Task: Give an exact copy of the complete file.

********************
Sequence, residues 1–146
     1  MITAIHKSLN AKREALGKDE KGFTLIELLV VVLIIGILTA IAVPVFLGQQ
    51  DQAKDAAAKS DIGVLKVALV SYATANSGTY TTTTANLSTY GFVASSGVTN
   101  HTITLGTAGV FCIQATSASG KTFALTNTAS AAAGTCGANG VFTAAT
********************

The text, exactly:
Sequence, residues 1–146
     1  MITAIHKSLN AKREALGKDE KGFTLIELLV VVLIIGILTA IAVPVFLGQQ
    51  DQAKDAAAKS DIGVLKVALV SYATANSGTY TTTTANLSTY GFVASSGVTN
   101  HTITLGTAGV FCIQATSASG KTFALTNTAS AAAGTCGANG VFTAAT